June 02, 2020
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Charlie Parker's Licence To Quill

Next time round, don't write off that wandering instrument as just another writing stick. Pens are big business now and pen-pushing a whole new art. Liberalisation and literacy are only helping the cause.

Charlie Parker's Licence To Quill
Jitender Gupta
Charlie Parker's Licence To Quill
This year the Big B, even without kbc, has had a lot to smile about. So have his star-struck fans who have rushed out to buy a part of Amitabh for Rs 199. For those who didn't get the deal, it is the Parker Beta Pen (a limited edition signature series) imprinted with Amitabh Bachchan's photo and autograph that we are talking about.

While some say the lucky charm that has gotten the Big B riding high on his brandwagon is his white goatee, others mutter that the rumoured Rs 5 crore endorsement from Parker must have helped him sign cheques to write off long-standing debts—smoothly. But for the higher-rolling ballpen industry, Bachchan has only been the latest in their star cast. And like every other blockbuster in India, filmstars as models in pen commercials feature in almost every newspaper, cinema, television, paper and magazine in India.

Papermate, America's largest selling ballpen, has been clutched for the cameras by mover and shaker Shekhar Suman. Sachin between matches and deals has made time and money on Add Gel. Javed Akhtar has used penmanship as a metaphor for Champion(s), While Raveena Tandon and Karishma Kapoor have signed and sashayed on the dotted line for Today's Pens exhorting viewers to go get their own by tomorrow.

All of which collectively is enough to make you stop by a stationery shop to check out...the writing on the wall. Where once there was only scratchy, writer's bump-inducing Wilson in the sixties, now there is enough for Rs 10 and under to make you reach out for your sunglasses. From neon to frosty, you can buy a fistful of jotters that come dressed in executive suits, muted wrappers or sleek see-through bodies. Many ballpens have soft sleeves, easy grips and even non-slip socks that keep your fingers from sliding off!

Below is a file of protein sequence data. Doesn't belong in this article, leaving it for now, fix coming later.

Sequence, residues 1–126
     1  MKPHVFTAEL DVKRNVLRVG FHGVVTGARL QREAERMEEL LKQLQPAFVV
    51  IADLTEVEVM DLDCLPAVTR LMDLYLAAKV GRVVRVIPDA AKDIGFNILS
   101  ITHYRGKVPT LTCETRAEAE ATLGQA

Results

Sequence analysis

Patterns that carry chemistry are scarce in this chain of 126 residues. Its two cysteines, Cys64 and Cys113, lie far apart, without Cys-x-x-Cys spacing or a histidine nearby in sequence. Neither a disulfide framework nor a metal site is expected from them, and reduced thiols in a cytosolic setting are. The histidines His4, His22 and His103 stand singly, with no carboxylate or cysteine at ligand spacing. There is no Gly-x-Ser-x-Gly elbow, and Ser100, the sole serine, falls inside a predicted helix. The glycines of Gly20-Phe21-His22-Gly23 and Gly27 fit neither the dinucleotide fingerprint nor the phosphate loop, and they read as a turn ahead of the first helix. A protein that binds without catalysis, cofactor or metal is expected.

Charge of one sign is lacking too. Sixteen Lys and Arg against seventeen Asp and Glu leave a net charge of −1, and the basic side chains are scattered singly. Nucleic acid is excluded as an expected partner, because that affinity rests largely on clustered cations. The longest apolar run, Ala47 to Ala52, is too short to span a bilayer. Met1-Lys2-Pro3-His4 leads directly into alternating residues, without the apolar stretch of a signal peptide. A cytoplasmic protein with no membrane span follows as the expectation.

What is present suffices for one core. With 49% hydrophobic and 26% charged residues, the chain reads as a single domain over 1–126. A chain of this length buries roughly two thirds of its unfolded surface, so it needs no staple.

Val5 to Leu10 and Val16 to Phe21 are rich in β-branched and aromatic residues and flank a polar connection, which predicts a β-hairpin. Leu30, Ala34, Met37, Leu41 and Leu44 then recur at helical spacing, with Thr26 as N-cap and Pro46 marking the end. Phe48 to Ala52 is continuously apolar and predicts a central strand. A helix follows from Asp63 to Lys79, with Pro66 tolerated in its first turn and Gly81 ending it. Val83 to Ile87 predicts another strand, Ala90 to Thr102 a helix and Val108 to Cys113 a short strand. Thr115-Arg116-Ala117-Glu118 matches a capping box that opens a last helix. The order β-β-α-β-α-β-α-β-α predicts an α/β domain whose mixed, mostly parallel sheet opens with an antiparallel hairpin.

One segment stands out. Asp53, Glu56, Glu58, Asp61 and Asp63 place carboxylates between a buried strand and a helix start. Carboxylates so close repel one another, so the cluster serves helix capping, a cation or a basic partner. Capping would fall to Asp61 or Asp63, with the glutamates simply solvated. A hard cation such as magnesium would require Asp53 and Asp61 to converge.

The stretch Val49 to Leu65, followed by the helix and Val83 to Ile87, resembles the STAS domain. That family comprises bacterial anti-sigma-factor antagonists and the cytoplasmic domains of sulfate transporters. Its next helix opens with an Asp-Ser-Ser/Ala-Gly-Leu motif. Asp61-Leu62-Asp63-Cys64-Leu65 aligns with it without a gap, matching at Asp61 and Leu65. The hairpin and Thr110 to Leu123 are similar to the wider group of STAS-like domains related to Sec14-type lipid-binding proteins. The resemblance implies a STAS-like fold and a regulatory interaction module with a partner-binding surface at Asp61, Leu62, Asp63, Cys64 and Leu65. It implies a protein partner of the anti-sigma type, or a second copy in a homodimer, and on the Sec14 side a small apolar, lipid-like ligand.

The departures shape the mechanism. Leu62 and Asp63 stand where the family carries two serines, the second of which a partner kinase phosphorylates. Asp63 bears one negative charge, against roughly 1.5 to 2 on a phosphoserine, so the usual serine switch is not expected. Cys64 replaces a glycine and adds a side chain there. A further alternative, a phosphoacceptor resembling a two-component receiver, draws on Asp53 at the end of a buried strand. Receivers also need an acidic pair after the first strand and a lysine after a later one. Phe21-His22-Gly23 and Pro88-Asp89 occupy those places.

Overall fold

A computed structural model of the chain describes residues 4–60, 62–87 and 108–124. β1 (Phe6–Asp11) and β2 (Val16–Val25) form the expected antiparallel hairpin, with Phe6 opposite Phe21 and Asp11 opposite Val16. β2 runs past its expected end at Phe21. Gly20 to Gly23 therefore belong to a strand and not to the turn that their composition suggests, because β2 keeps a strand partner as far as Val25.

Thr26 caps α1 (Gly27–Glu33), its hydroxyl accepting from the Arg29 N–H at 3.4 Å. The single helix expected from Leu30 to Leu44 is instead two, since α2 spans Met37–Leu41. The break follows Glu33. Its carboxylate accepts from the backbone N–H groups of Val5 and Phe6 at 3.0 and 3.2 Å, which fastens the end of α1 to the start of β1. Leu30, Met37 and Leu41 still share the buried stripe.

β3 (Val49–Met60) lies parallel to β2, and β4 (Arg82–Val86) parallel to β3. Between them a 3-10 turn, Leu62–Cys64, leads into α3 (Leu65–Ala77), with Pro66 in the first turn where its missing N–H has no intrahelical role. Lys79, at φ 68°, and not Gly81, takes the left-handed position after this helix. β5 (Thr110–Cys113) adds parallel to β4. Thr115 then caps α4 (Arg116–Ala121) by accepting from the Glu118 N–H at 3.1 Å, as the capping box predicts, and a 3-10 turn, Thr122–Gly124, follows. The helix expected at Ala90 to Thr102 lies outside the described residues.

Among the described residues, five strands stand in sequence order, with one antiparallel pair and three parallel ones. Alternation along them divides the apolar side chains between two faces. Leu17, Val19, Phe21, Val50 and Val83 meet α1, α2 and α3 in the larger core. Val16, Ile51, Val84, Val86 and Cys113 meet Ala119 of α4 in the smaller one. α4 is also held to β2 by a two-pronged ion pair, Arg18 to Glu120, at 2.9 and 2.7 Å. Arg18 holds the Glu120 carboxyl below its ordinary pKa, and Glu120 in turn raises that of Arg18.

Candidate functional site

Notch up the budget by a couple of tenners and you can start sniffing ink that is scented. Or you can test yourself for colour blindness while considering Pilot's microtips with shades of turquoise and teal inks. Or just go for gel pens that have successfully wooed fountain pen users with their "ink type feeling and effect" without the bother of having to tank up and wipe off thrice a week. Not to mention that unlike fountain pen nibs that reflect the quirks of their owners and when borrowed return wrecked by different user pressure, gel pens remain unaffected by hands of lenders and borrowers. Stretch gel pens, filled with twice the ink, go double the distance in performances which are measured in kilometrics.

Right then, when you think you have your hands around the entire market, you realise your fist is either half full or empty. Of the Rs 1,500 crore 'writing instruments' industry (which is how the pen manufacturers' collective terms itself), 40 per cent of pens belong to the unorganised, unbranded segment, says Jagdeep Kapoor, chairman of Samsika Marketing Consultants. And it's these faceless, brandless 40 per cent that stunt the average price per pen in India to a low bench price of Rs 2. To put that fact into perspective, Mont Blanc, one of the top-end international brands, retails a Limited Edition Carl the Great fountain pen at Rs 3 lakh (plus 8 per cent tax).

It was a Supreme Court directive in the eighties that perhaps did in the fountain pen, mentioning that ballpens could now be used to sign cheques. Responding to public demand, banks started putting out their own pens on chains or strings for customers to use on a write-and-return basis. Then came the courier companies who sent out their delivery boys equipped with the cheapest writing stick available. Soon followed the men with pink, yellow or green recycled paper slips in parking lots, who jotted down your time of entry and car number with alacrity—before you could find parking.And finally there was the office administrator from whose grasp you need to wrest your rightfully-ordained pens! Shyam Gupta, ceo, eofficeplanet.com, an eProcurement and distribution platform, lets out a tiny fact: pens account for 5 per cent of their total turnover of office supplies bought online and offline.